When it comes to building a stronger lower half, many people hyperfocus on their quads and hamstrings. But if you’re looking to add muscle and definition to a pair of chicken legs (or to jump higher, reduce your risk of ankle injury, and generally increase your athletic performance), you can’t ignore your calves. And calf raises are one of the great ways to work them.
From flexing and stabilizing your ankle to helping to absorb the shock of jarring actions like running or leaping, your calves are essential for both facilitating movement and keeping you on your feet. And few moves target them more effectively than the standing, single-leg calf raise, which works one calf at a time to iron out muscle imbalances while building size and strength.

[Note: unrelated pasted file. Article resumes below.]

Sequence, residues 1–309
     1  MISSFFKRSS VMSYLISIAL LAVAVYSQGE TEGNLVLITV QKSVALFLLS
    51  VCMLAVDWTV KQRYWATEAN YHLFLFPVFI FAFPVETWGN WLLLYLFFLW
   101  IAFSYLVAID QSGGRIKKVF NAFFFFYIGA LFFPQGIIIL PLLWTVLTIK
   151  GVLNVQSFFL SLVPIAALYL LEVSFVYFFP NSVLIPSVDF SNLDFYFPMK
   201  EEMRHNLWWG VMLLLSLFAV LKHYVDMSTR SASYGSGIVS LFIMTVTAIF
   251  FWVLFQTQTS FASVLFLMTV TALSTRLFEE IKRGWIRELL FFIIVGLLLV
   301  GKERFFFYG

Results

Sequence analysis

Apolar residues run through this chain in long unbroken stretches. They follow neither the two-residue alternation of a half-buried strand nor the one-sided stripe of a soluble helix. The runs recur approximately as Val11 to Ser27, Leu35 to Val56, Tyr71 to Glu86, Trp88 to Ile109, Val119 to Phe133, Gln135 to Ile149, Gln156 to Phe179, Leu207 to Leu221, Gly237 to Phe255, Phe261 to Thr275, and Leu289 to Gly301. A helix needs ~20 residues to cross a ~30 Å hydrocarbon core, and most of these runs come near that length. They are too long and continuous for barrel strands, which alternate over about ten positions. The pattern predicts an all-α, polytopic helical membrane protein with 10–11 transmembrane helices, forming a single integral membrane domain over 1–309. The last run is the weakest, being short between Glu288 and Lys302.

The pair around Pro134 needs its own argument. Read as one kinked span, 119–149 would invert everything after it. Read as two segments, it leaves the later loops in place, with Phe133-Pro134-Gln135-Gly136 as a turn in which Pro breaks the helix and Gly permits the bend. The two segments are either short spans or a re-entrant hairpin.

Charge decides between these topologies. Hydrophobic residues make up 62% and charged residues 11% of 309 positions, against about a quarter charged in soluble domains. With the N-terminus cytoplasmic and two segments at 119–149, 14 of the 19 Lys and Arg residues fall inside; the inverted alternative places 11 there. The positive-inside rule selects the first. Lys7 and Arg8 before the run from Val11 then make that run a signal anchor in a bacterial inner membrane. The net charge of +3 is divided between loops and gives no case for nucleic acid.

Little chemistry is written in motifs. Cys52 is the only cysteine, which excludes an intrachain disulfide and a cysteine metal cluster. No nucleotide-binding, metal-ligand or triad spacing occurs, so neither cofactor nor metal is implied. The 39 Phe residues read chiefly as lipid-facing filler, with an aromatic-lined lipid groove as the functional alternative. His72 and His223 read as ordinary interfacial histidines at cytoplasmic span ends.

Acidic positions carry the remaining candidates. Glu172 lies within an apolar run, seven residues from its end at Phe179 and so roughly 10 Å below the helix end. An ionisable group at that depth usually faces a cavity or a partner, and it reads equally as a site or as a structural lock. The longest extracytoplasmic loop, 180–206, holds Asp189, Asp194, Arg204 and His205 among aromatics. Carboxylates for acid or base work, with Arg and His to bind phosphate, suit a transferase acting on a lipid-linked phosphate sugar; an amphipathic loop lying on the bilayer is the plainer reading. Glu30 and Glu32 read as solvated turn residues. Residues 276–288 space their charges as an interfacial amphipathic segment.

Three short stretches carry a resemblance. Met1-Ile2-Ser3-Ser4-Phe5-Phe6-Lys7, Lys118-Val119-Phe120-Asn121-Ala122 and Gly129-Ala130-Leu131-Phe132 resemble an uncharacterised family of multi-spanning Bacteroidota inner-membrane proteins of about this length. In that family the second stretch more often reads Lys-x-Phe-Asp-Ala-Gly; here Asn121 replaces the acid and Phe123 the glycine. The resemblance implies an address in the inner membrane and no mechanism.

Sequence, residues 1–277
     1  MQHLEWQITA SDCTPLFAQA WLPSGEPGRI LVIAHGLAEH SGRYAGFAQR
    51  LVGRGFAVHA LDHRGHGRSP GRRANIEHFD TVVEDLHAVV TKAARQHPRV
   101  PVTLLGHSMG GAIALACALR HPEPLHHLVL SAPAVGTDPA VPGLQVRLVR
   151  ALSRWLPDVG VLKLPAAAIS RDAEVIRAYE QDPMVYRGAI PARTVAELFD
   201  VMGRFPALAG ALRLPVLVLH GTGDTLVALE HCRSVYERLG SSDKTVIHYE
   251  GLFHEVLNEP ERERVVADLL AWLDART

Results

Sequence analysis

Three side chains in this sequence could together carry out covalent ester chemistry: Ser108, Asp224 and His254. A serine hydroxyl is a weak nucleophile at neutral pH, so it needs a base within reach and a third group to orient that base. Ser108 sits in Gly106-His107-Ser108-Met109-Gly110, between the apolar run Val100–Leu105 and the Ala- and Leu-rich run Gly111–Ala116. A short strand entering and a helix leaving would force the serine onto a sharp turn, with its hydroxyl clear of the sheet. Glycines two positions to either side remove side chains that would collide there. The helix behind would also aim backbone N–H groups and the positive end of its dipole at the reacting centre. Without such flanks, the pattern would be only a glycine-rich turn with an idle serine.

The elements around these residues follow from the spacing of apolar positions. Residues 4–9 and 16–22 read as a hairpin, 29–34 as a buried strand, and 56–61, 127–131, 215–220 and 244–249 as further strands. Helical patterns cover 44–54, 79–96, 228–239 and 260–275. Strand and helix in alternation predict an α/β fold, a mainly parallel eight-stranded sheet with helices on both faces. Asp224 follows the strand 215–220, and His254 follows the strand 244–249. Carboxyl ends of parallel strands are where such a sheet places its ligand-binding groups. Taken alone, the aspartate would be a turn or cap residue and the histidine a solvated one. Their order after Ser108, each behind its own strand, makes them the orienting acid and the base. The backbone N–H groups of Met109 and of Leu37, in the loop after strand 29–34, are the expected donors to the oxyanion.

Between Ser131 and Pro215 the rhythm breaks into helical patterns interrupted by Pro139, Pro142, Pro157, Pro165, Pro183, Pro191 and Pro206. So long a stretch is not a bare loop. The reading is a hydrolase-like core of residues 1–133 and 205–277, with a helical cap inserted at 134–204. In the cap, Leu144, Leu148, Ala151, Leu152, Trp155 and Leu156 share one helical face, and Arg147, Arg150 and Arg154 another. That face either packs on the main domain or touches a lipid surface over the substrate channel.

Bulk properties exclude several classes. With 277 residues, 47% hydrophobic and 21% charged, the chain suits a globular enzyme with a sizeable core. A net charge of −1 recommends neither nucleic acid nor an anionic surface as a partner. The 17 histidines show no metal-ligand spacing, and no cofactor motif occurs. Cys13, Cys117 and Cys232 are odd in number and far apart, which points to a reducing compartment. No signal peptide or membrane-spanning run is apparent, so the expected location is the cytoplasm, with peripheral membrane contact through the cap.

Here’s how to do it with perfect form.
How to Do a Single-Leg Calf Raise
Hold a dumbbell in your right hand by your side and place the ball of your right foot on a raised surface (the base an inclined bench works well). Cross your left ankle behind your right, hold onto the bench with your left hand for balance, and lower your right heel toward the floor (but don’t touch it). Rise up on the toes of your right foot as high as you can, giving your right calf an extra squeeze at the top. Pause, and then lower yourself back to the starting position. Do equal reps on both sides.
Bonus tip: Avoid the temptation to crank out reps quickly. When you do, your Achilles tendon does the bulk of the work. Maintaining a slow, controlled tempo ensures that you target your calves.
Need to make it easier?: Use lighter weight (or no weight at all), or work both legs simultaneously, rising up on the balls of both feet.
Want to make it harder? Use heavier weight.
Target muscles: Calf (gastrocnemius and soleus), as well as the tibialis anterior, which runs along the front of your leg next to your shin.